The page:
Monday, April 23, 2007

Nineteen Minutes by Jodi Picoult

I've been a fan of Jodi Picoult's for several years now after first reading The Pact.

I found this latest book of hers to be particularly disturbing, primarily due to the timing of its release and my own timing in reading it. In the book, 17-year old Peter Houghton takes several guns to his high school and kills ten people, injuring many others. As the story unfolds, we learn that Peter was a favorite target of school bullies, dating back to his first day of kindergarten. His attorney takes a novel approach to his defense, describing him as having acted in self-defense due to post traumatic stress and suffering from school bullying syndrome. He likens Peter to the battered woman who kills her husband.

The school violence in this book supposedly happened on March 6, 2007. Obviously, Ms. Picoult could not have known that the Virginia Tech massacre was about to occur, but the commonalities between her fictional account and real-life events left me wondering whether Seung-Hui Cho had read her book and used it as a "how-to" guide. I realize that is unlikely, but it still rattled me. I'm left asking myself whether an actual victim of school bullying would find some sort of rationalization for retaliation imbedded in these pages.

Thursday, April 19, 2007

Grayson by Lynne Cox

This was our book club pick for April. A very short read, I finished it in about two hours I think. The book is a memoir of a woman's experience swimming along side a baby whale off the coast of Orange County, CA when she was fifteen. Part of the book is spent guessing about what exactly is swimming next to her. And the rest of it is spent trying to return the lost baby whale to its mother. This one was not really for me. It was short enough that I didn't hate it. But it was really sappy for me. I guess if I'm going to read a memoir, I prefer it to be funny, or very harrowing (like a book about a trip to Everest or Apollo 13 or something). While the story in Grayson is nice, I think it means more to the author than it does for the reader, at least this reader.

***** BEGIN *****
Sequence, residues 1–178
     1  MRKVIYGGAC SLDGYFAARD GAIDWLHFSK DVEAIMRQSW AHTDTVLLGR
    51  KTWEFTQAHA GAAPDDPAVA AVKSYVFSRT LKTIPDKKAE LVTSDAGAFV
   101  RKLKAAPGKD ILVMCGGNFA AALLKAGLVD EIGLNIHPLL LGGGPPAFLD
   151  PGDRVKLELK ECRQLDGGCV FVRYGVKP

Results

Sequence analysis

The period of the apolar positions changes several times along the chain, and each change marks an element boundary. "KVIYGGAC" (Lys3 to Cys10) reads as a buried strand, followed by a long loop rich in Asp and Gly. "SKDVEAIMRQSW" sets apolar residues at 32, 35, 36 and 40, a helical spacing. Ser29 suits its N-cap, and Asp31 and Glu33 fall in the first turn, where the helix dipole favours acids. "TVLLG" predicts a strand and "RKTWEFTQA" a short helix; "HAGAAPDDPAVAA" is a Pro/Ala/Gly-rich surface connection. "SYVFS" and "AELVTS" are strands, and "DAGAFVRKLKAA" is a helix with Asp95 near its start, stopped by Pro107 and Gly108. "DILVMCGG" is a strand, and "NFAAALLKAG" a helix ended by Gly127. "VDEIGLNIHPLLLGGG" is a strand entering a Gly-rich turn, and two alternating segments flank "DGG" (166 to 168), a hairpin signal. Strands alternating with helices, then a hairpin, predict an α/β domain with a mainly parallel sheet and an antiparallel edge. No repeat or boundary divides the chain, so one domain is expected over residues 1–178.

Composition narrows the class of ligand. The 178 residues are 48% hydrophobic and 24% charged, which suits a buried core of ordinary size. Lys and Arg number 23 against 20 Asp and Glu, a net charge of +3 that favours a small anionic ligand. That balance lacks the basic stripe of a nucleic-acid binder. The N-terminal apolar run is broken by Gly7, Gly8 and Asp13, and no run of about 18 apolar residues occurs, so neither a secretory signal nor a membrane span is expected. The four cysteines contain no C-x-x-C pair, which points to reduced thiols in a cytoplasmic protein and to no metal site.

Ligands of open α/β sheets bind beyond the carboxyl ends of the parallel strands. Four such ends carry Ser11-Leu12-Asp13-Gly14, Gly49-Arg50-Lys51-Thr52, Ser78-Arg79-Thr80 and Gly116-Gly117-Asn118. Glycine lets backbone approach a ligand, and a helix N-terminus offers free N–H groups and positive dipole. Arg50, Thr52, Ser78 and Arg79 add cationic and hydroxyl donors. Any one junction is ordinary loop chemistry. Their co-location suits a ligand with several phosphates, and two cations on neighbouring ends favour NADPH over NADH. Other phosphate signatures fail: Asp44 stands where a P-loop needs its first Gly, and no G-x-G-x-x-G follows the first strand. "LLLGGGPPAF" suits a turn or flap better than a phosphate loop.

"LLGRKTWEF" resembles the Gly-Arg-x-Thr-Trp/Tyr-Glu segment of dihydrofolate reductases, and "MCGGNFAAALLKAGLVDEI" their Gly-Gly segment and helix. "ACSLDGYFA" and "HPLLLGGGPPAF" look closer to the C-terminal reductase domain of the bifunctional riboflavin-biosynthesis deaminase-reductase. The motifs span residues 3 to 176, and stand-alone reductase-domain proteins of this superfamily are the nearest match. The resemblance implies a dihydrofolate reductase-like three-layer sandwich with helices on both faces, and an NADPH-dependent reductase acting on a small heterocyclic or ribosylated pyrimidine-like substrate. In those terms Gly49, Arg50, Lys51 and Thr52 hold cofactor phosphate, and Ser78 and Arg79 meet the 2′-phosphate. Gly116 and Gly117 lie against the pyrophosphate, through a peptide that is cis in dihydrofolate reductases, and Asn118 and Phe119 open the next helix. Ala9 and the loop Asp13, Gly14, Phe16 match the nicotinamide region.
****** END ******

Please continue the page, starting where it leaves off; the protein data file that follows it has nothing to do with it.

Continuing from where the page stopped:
I also finished Death du Jour, the second book in the Temperance Brennan series by Kathy Reichs. I don't think it was nearly as good as the first in the series. The second half of the book went much quicker than the first half. There was a lot of information about cults which I found interesting but getting to that part was a bit difficult. The story seemed all over the place at first. I'm sure I'll get around to reading the others in this series though. Hopefully, the next one will be a little better.

I'm looking forward to reading The Friday Night Knitting Club by Kate Jacobs and The Thirteenth Tale by Diane Setterfield for our next two book club books. I think I might delve into a little science fiction (or is it fantasy) with my next book, The Stolen Child by Keith Donohue.

Monday, April 16, 2007

More on The Road

The Road also won the Pulitzer Prize for fiction. See article here....

Maybe with all the hype I need to see what this book is all about. Dare I say it was also chosen for an Oprah Book Club pick. That is slightly off-putting to me, but well the Pulitzer probably trumps that. :-)

Thursday, April 12, 2007

Slightly New Look

I upgraded the template to the book blog today. I added labels to the posts classifying the books. That way if you remember reading a review of a book but can't exactly remember when, who wrote it, or the title, hopefully the labels will help narrow it down. Or you could use them if you're in the mood for a certain type of book and want to see what has been reviewed in the past.

To add labels to your posts, just add the appropriate label in the space at the bottom of the "Posting" window. Or I can always go back and categorize them later.

I used "General Fiction" for anything that didn't fall into the other categories. If anyone wants to break those down a bit, or suggest labels to help me break them down, that would be great.

Also, sidenote. I found another book "rental" website for you to check out. Kirsten suggested and the one I found was This site is also like Netflix but for books. You can subscribe to paperback books or to audiobooks. I would assume you could get the audiobooks and download them to your computer for later listening. For audiobooks, Allison has also recommended